This Prolific Black Man Was Fed Up With Whitewashed Movies

Oscar Micheaux/Author Unknown /Wikimedia/Public Domain

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The riveting story of Oscar Micheaux’s ascent in the film industry teaches us a valuable lesson about the power of building independent businesses and taking control of our own destiny.

Arguably the most prolific African-American independent filmmaker in history, Micheaux birthed an entirely new genre of films called “race films” in the early 1900s. These films starred Black actors and were intended for a Black audience.

After holding several unfulfilling jobs and being displeased with what others thought of as the good life, he decided to chronicle his life experiences into novels that would eventually become the foundation for his films.

At the time, the film industry was far from accepting of Black films so Micheaux had to get creative about getting his stories in front of the masses. Micheaux became self-sufficient and utilized his charisma and connections from previous jobs to fund and produce his own films.

Although he had miserable experiences in his past jobs, those positions equipped him with the business acumen and contacts necessary for him to go into business for himself.

In fact, Micheaux started his own film company after refusing to sell one of his stories to a major production firm because they would not allow him to be directly involved in its adaptation.

This brave decision catalyzed all of his subsequent success and demonstrated that he knew the value of his stories and would settle for nothing less than he deserved.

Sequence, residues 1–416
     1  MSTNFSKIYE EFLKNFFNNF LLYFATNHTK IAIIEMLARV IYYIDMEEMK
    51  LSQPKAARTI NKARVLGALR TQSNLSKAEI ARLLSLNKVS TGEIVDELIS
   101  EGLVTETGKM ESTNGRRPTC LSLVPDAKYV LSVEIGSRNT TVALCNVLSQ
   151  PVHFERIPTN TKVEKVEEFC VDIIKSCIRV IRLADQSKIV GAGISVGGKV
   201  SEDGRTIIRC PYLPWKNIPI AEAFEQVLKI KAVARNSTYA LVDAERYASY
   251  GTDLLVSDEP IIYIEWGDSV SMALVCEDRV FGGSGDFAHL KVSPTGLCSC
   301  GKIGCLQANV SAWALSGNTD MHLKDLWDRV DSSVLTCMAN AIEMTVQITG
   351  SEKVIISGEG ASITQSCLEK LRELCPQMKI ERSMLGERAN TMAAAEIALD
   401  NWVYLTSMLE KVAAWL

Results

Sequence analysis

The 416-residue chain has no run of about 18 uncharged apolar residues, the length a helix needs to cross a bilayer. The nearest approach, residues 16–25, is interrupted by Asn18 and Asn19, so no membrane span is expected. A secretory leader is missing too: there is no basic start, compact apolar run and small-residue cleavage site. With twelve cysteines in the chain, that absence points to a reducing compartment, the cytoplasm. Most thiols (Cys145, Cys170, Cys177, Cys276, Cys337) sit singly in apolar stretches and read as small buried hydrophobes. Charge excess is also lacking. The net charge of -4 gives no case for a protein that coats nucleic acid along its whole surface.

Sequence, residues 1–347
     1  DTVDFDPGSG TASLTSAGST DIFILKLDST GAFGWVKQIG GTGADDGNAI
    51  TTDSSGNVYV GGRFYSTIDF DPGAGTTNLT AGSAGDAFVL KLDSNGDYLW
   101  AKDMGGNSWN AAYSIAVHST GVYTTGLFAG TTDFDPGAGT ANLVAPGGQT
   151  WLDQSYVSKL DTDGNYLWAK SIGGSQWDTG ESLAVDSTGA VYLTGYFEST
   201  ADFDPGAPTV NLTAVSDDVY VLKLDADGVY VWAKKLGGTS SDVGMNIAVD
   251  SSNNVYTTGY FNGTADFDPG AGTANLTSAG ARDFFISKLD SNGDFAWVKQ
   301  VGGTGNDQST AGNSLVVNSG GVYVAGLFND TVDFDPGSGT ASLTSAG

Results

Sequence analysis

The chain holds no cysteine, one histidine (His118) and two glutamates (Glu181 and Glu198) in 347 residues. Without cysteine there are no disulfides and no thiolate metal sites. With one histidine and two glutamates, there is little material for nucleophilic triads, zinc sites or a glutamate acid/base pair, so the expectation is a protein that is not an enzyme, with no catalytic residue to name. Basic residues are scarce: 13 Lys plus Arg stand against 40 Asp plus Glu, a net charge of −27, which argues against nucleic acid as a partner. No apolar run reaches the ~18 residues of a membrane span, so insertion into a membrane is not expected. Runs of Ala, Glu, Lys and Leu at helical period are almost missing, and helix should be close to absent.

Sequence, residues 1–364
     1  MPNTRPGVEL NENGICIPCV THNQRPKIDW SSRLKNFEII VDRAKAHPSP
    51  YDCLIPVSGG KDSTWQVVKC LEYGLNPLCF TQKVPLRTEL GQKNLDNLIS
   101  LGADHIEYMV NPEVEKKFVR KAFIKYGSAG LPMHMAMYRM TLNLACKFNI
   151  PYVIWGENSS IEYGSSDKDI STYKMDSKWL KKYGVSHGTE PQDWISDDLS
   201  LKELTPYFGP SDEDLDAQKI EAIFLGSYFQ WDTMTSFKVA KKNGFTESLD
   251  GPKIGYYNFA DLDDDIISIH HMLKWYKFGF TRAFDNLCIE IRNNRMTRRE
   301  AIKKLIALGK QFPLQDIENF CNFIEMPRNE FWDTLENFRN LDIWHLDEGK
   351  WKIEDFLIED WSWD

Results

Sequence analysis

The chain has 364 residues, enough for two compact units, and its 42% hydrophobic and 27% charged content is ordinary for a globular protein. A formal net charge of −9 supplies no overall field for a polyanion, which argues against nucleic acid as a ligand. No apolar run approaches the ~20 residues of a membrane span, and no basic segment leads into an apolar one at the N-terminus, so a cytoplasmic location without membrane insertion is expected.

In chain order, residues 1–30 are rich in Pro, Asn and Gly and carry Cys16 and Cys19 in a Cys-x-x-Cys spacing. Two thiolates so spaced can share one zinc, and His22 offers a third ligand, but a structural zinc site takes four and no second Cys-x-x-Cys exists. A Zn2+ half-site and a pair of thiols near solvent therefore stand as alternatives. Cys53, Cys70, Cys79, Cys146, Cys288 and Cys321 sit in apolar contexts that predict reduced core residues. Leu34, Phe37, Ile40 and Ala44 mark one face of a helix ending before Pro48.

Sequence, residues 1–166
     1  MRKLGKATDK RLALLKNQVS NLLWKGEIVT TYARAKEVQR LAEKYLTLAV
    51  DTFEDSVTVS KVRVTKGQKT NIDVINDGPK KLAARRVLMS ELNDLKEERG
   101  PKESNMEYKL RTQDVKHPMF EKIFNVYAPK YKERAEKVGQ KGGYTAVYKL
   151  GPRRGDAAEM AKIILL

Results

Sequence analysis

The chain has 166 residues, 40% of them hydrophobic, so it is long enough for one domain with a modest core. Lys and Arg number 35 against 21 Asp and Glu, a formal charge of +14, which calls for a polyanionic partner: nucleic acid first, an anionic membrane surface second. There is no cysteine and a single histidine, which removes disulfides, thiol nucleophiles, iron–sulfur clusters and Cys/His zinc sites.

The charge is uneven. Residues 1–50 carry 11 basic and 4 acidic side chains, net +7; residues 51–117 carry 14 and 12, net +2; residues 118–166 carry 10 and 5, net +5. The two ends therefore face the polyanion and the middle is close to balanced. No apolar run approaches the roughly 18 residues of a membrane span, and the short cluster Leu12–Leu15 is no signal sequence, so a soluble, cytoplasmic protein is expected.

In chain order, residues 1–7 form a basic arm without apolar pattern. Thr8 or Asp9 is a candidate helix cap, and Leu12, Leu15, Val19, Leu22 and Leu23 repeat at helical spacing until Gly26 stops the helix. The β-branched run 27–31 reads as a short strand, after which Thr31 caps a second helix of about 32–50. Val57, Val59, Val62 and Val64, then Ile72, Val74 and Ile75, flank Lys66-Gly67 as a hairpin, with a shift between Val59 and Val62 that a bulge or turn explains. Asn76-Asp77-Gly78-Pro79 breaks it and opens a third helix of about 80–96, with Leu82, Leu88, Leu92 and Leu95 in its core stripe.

Micheaux’s films tackled issues of interracial romance, colorism, and white prejudice during a time when Hollywood focused narrowly on stereotyping Blacks as unsophisticated Negroes. He moved away from these images and created complex characters that more accurately depicted the realities of Black life.

His philosophy was that the only way to bring African-Americans to greater heights was to elevate consciousness about racial iniquities.

Micheaux’s seminal works The Homesteader (1919) and Within Our Gates (1920) bring to light the trials and tribulations of mixed-race relationships and explore the dangers associated with them. These films questioned the value systems of both Blacks and whites and disrupted traditional narratives about race-mixing.

As Black people we have a history of making a way out of no way. Micheaux had no blueprint for how to operate outside of the mainstream film industry, yet he pioneered a path and amassed immense success.

His enduring legacy as the first African-American to show a film in a white theatre marks the beginning of Black people’s visibility on the big screen and a new lens to view race relations in America.

He had no formal film school training or experience, just the tenacity and will to bring his vision to fruition. Click here to watch some of his films.

It is always incredible to share uplifting stories of African-Americans excelling in fields that historically excluded us, but the real beauty is in the spirit of resiliency and persistence that characterize these innovators. Micheaux exemplifies the timeless quality of self-sufficiency that has been a part of the advancement of Black people for centuries.

We should constantly remind ourselves of our rich cultural achievements and remember that we are a people who have and will continue to achieve no matter what obstacles we see in our way. 

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